More importantly, at what point do people begin to recognize that because sending money to Haiti is the root of the problem, it cannot be part of the solution?
[...] The earthquake is not a sign that people should begin helping Haiti. It is entirely the opposite. It is a powerful warning that people must stop trying to help Haiti. Instead, they must leave the Haitians alone to help themselves, which, of course, it is possible they may not be willing to do after decades of dependence on external support.
Hey, it hurts him more than it does them, remember. Anyway -- it's safe to say that WorldNutDaily's readers are no doubt nodding along, feeling smugly superior to those voodoo children who are too stupid and immature to be trusted with money, and too lazy to find the severed lower halves of their legs so they can start pulling up on those bootstraps.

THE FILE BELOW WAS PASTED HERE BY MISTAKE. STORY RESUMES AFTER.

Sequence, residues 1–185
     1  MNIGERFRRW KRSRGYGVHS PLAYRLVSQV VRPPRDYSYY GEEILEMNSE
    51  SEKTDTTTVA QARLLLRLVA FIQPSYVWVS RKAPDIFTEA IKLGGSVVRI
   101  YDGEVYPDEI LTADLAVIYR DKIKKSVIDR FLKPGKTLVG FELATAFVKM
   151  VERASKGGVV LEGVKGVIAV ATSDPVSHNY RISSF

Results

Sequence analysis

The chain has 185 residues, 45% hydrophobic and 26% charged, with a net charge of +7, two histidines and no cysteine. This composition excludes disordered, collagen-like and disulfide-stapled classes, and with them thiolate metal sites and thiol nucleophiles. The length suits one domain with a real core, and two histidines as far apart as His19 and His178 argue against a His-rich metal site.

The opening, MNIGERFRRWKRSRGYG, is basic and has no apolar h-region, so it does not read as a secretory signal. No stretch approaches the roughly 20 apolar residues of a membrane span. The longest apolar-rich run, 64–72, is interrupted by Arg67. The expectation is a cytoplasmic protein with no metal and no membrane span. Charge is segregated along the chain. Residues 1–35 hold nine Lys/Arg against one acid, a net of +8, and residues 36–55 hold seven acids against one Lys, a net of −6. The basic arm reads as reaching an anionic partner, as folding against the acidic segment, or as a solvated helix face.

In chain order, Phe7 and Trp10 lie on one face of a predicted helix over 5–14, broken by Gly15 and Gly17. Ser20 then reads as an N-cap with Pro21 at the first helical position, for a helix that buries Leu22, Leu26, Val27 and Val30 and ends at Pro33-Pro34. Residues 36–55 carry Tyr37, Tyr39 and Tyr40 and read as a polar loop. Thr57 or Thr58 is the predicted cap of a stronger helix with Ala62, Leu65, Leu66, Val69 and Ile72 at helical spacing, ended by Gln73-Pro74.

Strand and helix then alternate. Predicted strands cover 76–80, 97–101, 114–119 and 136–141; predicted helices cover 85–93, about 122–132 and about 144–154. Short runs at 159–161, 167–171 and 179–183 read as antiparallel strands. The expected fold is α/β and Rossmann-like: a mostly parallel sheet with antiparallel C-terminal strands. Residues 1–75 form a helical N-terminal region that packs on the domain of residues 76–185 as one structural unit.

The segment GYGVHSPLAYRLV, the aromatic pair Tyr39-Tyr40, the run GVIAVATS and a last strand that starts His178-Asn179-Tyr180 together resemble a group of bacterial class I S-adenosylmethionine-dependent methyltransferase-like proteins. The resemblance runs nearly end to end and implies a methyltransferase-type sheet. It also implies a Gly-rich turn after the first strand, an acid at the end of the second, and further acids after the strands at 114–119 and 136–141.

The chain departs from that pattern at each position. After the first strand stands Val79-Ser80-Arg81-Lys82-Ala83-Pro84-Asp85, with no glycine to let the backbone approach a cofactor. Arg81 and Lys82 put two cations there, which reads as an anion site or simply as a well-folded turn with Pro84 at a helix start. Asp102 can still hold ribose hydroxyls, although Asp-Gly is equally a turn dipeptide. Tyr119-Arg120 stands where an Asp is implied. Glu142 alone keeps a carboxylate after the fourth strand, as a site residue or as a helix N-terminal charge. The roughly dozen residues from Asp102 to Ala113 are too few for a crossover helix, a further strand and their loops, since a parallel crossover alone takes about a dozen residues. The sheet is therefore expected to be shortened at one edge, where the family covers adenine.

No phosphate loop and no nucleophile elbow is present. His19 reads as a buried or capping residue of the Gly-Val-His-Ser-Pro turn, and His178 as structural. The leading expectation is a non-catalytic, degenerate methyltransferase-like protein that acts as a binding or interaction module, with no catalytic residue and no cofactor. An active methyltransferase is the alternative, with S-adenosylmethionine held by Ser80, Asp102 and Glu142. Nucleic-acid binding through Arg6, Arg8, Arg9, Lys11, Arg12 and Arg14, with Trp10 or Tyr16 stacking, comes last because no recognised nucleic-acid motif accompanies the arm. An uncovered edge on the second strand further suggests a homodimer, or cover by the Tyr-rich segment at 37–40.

Meanwhile, if you click through to his column, you'll be greeted by ads that promise to teach you how to build a solar panel in ONE DAY to save 99% on your power bill, and how to discover what self-defense masters and the Army DON'T WANT YOU TO KNOW. I'm tempted to see if refreshing the page will give me the inside scoop on how to add three inches to my equipment, make a hundred bucks an hour stuffing envelopes at home, get a master's degree online, and create a perpetual motion machine from the parts of that junked car on my front lawn. I mean, if I'm going to get that solar panel done in one day, I might as well find something to do on Sunday!
So while your initial reaction might have been to gasp in shock that anyone could be so heartless toward victims of a horrific natural disaster, I think it's far more understandable when you realize that these people have probably already given tons of money to Nigerian princes-in-exile; in fact, that's probably where they developed a suspicion about foreign black people supposedly needing money to begin with.